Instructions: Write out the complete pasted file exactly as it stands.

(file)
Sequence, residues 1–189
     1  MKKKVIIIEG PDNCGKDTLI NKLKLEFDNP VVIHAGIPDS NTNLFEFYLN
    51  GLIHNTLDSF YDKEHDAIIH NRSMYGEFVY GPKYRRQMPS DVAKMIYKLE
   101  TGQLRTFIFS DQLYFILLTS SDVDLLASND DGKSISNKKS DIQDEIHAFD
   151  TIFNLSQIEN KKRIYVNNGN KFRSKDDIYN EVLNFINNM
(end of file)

Sequence, residues 1–189
     1  MKKKVIIIEG PDNCGKDTLI NKLKLEFDNP VVIHAGIPDS NTNLFEFYLN
    51  GLIHNTLDSF YDKEHDAIIH NRSMYGEFVY GPKYRRQMPS DVAKMIYKLE
   101  TGQLRTFIFS DQLYFILLTS SDVDLLASND DGKSISNKKS DIQDEIHAFD
   151  TIFNLSQIEN KKRIYVNNGN KFRSKDDIYN EVLNFINNM